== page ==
WAVY-TV reports the end of the AHL in Norfolk may be coming to a close.
I’m not sure where to start on this subject. I went on about this yesterday for Puq, and I mentioned that the Ducks would need to buy a franchise. Ken Young wasn’t going to sell the team–at least he said that a few months ago. Anaheim’s intentions have been clear for sometime: bring their AHL team closer to Orange County so they can have quicker access to call-ups.
Ken Young and Joe Gregory needed to find an affiliate, and hope that the affiliate’s former team wanted to sell to Anaheim. Based on the report, it seems that this did not happen. Young had his hand forced, and the best option was for him to sell the team to the Ducks. Sometimes I think of Anaheim, a team with an “internal cap”, and then think about when they do things like buy another hockey team.
Where did this start? I want to squarely place all of my blame, anger, and fury on the hands on Tampa Bay Assistant General Manager Julien Brisebois. He knew, that during Norfolk’s record-setting 28-game win streak in 2012, that Tampa was leaving for Syracuse. Rumors circulated up and down and around, and then they were announced the day after the victory parade. Brisebois cited “travel” concerns. It’s not as if Steve Yzerman’s drafting and the hiring of Jon Cooper had anything to do with the team turning it around. Travel did.
Anaheim came down from Syracuse, and California is much farther away than Florida.
We’re back to travel, we’re back to the realization that the United States is actually kind of large you know and that sometimes you need airplanes to get there. Anaheim wants to move their players West, they want to do it in this AHL Pacific division which will largely be in California. Get ready for AHL affiliates of the Ducks, Sharks, and Kings play each other 16-17 times a year. Fans of the San Diego gulls will be sure to appreciate that.
The team moves and everyone forgets that there are people-actual people-with jobs that depend on the team. Instead, they are now left teetering on the brink, unsure of their future. It’s bigger than Norfolk: it’s Worcester, it’s Manchester, it’s Portland, it’s Oklahoma City–it’s going to be Utica and Glens Falls. All in the name of travel for players, when they really mean travel costs.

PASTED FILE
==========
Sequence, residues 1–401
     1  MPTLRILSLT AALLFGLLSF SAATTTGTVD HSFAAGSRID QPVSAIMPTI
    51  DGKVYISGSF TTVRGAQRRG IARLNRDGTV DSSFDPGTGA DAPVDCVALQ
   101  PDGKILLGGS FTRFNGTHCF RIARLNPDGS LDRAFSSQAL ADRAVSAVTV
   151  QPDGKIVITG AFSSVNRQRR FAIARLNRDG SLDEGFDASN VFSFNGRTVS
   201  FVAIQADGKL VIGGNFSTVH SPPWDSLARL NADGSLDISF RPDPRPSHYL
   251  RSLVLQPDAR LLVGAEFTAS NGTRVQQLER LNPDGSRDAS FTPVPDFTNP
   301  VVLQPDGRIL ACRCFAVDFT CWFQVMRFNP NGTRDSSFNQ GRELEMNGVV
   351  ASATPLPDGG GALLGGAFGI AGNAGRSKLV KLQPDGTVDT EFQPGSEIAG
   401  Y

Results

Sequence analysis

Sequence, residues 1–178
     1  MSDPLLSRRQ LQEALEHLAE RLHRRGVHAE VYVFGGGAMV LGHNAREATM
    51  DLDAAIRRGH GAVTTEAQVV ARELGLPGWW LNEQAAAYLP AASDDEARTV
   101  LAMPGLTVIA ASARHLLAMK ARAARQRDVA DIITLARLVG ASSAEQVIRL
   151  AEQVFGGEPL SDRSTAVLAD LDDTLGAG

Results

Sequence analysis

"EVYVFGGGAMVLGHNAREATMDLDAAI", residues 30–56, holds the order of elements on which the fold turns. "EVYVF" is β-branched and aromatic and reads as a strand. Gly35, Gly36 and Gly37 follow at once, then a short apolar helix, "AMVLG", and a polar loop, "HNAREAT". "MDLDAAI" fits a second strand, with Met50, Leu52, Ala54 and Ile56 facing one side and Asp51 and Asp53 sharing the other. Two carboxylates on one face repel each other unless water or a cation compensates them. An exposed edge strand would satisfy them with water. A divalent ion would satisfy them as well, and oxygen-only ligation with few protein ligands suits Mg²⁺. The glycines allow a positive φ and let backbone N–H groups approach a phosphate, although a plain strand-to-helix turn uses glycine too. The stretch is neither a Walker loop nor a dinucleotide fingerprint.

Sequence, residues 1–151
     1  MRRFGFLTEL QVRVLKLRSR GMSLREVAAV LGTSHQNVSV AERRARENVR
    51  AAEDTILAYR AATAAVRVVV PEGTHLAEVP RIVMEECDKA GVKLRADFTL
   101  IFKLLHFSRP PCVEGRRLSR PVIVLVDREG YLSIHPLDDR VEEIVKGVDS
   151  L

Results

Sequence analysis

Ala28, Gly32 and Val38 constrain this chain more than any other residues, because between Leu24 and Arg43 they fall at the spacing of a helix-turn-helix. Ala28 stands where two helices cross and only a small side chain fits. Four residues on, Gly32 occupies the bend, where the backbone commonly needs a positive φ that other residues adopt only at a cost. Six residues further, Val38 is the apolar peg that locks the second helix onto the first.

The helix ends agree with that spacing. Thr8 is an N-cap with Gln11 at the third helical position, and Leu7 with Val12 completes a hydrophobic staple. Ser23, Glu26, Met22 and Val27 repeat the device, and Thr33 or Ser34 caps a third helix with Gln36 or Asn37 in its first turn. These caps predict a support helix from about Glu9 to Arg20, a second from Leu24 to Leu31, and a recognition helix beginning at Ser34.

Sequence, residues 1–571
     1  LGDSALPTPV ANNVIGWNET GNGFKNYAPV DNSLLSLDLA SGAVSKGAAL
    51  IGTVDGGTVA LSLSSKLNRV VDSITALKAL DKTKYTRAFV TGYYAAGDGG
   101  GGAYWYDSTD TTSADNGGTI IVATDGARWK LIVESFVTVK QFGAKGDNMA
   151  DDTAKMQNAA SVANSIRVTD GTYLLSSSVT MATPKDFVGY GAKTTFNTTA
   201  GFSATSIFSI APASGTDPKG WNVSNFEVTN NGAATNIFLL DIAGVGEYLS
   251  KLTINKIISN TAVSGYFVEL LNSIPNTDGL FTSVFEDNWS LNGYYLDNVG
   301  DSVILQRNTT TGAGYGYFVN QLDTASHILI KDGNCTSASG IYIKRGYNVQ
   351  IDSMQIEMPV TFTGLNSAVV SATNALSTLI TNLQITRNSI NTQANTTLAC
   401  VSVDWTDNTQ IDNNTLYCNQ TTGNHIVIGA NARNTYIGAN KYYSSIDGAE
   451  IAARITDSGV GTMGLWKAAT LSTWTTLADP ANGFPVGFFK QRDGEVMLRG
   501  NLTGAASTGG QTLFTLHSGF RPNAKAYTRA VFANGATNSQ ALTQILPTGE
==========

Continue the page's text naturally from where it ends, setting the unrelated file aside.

i have nothing against the people in San Diego, who want to watch reasonably priced hockey. They didn’t decide for this happen, they weren’t in charge. I have nothing against the players. Chris Wagner’s been an Admiral his entire professional career, his parents are big supporters, do you think he wants to leave? John Kurtz has been a great friend to the fans and has had his best success as a pro in Norfolk. They didn’t have anything to do with this, but the players know what to do. Jarrod Skalde, who has been around the world thanks to hockey, set up roots here for his family. Do you think he really wants to leave, except for a job at the next level? It’s management who is in charge of this, it’s NHL ownership who decides.
Now, hockey may still be here next year. According to that same report, the Oilers-owned Bakersfield Condors might be coming to the Scope. They’re an ECHL team. Well, that worked out pretty well the first time.
I try to be civil, here. I want to be profane but I am trying to be professional. The Hampton Roads/Norfolk Admirals franchise 26 years in Norfolk, owners of four championship banners, the longest win streak in North American hockey, and the producer of a bevy of NHL players could be gone. All because of greed, disguised as “travel concerns for players”.
I am a bit distraught at the fans who say things like “Great news!” or “Excited!” when they don’t realize what exactly is happening. It’s blind optimism, is what it is. So here we are. Norfolk’s AHL team is gone, ceasing control to an NHL team that is famously a “small-market”, and maybe replaced by an ECHL team owned by the Edmonton Oilers. How fun, the Oilers would still have to pay to fly an AHL call-up or reassignment 3,000 miles (allegedly to Bakersfield). Travel costs.